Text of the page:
Romney’s five-point plan to adress the specific aspects of our current jobs crisis recycles, nearly word for word, plans from far different economic times.
I’ve been watching the 2012 Republican National Convention, trying to get a sense of what the conservative diagnosis is for our weak economy and what they’d do in response. Is it the bizarro stimulus of raising interest rates, balancing the budget, and forcing foreclosures? Is there a secret housing plan? Or will it be a program of Reactionary Keynesianism, with an expanded military, massive tax cuts for the rich, and a SuperDuperCommittee to recommend tax expenditures that will go nowhere?
I take these arguments seriously — I actually really enjoy making maps to help explore them. One argument worth bringing up is the idea that they are just proposing to do the policies they want all the time anyway — the policies they wanted in 2008, or 2006, or 2004 — but are pretending there’s a reason it would be extra important given our current recession.
So on August 30th, 2012, with unemployment at 8.3 percent and with a serious long-term unemployment problem, Mitt Romney gives the RNC acceptance speech. He outlines a plan to create 12 million jobs in the next four years. As Jared Bernstein pointed out, that’s what Moody’s says will be created anyway. But forget that. How will Mitt Romney do this? He has a five point plan (numbers in [brackets] here and in the rest of the post are added by me):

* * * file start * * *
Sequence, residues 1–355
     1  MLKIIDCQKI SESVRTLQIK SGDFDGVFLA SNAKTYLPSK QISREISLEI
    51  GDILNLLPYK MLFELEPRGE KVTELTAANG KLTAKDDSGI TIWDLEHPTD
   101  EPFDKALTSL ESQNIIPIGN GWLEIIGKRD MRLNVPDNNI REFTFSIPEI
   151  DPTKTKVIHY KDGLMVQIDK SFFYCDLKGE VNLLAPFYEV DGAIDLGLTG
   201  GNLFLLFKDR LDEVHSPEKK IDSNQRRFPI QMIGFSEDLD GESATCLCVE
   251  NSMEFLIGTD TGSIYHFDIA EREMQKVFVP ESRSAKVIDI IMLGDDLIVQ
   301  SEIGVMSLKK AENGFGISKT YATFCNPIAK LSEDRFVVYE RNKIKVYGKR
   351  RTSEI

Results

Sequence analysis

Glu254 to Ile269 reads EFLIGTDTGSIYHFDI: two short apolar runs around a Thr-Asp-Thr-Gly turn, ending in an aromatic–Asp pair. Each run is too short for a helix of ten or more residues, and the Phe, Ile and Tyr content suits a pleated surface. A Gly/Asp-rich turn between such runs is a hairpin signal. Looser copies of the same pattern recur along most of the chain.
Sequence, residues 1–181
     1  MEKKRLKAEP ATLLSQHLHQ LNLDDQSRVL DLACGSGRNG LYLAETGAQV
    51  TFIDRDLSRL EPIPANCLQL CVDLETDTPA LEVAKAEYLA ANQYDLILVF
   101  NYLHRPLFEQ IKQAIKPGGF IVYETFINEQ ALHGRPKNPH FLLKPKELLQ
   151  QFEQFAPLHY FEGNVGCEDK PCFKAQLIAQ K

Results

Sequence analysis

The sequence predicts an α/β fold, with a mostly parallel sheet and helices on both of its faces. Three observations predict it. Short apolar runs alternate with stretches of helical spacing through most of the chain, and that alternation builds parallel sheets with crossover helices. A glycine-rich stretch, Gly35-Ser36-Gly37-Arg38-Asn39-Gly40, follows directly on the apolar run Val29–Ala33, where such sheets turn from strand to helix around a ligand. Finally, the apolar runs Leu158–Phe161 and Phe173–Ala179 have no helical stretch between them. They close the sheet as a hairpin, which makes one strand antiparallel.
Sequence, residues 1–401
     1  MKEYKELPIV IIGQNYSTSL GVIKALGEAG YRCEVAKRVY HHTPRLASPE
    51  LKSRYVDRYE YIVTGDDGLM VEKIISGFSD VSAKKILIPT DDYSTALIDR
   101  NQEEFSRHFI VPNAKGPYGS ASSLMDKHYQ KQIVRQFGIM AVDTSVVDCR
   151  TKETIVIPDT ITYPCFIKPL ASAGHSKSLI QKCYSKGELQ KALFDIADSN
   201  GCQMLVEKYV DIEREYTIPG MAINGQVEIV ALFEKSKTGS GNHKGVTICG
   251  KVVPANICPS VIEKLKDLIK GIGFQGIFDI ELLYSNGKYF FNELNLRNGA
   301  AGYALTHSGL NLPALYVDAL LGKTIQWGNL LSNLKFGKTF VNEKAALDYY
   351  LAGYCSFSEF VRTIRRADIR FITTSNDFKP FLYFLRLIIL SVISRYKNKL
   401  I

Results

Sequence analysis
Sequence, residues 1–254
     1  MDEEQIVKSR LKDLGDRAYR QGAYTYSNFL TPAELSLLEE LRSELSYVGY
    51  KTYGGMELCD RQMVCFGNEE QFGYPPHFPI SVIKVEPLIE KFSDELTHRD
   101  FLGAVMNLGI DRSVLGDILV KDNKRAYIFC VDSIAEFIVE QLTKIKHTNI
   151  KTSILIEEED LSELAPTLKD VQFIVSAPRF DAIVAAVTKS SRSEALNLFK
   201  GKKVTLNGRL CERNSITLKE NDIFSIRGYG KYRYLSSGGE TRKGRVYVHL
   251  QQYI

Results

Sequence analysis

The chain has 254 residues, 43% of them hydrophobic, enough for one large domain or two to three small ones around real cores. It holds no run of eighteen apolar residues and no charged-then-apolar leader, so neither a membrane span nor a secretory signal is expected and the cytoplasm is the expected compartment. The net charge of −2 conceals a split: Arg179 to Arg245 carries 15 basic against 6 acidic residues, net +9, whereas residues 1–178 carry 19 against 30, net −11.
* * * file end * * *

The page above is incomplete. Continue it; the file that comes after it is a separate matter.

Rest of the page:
And unlike the president, I have a plan to create 12 million new jobs. It has 5 steps.
 First, by 2020, North America will be energy independent by taking full advantage of our oil and coal and gas and nuclear and renewables.
 Second, we will give our fellow citizens the skills they need for the jobs of today and the careers of tomorrow. When it comes to the school your child will attend, every parent should have a choice, and every child should have a chance.
 Third, we will make trade work for America by forging new trade agreements. And when nations cheat in trade, there will be unmistakable consequences.
 Fourth, to assure every entrepreneur and every job creator that their investments in America will not vanish as have those in Greece, we will cut the deficit and put America on track to a balanced budget.
 And fifth, we will champion SMALL businesses, America’s engine of job growth. That means reducing taxes on business, not raising them. It means simplifying and modernizing the regulations that hurt small business the most. And it means that we must rein in the skyrocketing cost of healthcare by repealing and replacing Obamacare.